Let’s put it into context. Let’s say the average employee tenure at the top 5 firms in Company A’s industry has consistently been 6 years. And let’s also say that in the previous year, the average employee tenure at Company A was 5 years, and in the year before that it was 5.5 years.
Now we have actionable information. We can conclude that Company A has a retention problem, and it’s getting worse. Three years ago, the industry average was 6 years, and Company A was 5.5 years. Then the Company A tenure duration went down each year, while the industry average stayed the same.
The question is, why are Company A employees jumping ship faster than their peers in other companies? Can this trend be reversed?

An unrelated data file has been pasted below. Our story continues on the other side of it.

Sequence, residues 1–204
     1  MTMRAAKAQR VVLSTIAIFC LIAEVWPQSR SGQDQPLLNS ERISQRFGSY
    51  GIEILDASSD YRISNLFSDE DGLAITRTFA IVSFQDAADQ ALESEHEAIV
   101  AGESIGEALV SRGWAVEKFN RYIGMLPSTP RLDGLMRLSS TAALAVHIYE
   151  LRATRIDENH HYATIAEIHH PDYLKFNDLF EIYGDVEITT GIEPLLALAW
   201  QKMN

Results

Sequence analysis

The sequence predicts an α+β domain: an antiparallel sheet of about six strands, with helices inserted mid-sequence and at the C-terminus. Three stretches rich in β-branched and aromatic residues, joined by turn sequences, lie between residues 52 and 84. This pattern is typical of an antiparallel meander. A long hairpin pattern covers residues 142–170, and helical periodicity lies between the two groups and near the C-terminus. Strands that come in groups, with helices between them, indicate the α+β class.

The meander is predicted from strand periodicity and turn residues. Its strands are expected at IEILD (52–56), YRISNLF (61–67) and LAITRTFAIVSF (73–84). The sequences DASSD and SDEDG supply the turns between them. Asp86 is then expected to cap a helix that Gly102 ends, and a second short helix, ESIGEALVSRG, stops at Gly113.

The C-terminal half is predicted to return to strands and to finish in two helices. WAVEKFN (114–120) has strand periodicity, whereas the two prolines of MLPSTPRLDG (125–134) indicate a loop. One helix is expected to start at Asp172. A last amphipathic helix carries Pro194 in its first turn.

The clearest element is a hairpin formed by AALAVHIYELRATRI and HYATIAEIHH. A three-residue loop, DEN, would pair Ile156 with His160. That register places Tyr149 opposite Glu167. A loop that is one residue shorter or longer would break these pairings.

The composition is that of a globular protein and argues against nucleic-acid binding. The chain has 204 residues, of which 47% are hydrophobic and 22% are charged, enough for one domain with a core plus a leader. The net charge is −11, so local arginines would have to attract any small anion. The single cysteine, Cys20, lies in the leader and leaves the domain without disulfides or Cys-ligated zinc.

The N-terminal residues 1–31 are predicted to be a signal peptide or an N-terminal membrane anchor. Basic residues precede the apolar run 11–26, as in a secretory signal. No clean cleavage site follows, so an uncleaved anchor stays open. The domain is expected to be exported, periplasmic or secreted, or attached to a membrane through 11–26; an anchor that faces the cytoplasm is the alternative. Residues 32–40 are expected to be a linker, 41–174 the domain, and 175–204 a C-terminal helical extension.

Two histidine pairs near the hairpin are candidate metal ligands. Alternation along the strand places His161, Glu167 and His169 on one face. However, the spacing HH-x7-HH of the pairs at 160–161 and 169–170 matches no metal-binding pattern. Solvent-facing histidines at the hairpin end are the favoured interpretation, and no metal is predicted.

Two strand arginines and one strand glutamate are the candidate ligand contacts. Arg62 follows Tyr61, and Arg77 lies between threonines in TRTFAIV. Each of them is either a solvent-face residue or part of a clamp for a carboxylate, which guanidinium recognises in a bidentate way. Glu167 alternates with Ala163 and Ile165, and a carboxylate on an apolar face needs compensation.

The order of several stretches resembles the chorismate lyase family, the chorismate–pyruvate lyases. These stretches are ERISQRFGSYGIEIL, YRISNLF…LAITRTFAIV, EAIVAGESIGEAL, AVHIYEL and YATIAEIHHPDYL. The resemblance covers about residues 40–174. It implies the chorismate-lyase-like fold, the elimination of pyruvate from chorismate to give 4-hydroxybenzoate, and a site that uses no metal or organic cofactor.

The impulsive CEO might say, “Make our employees sign non-disclosure agreements. And offer them a two percent raise. That should take care of the problem!”
Such a response is guaranteed to miss the mark. It might even make the problem worse.
What’s needed is a comprehensive, organization-wide effort to drill down and identify why Company A employees are expressing their unhappiness by quitting sooner than others. It could be the pay structure. It could be the lack of promotion paths. It could be a toxic work environment, or dehumanizing practices. It could be the average age of the customer is getting older, which suggests to employees that the company is in slow decline.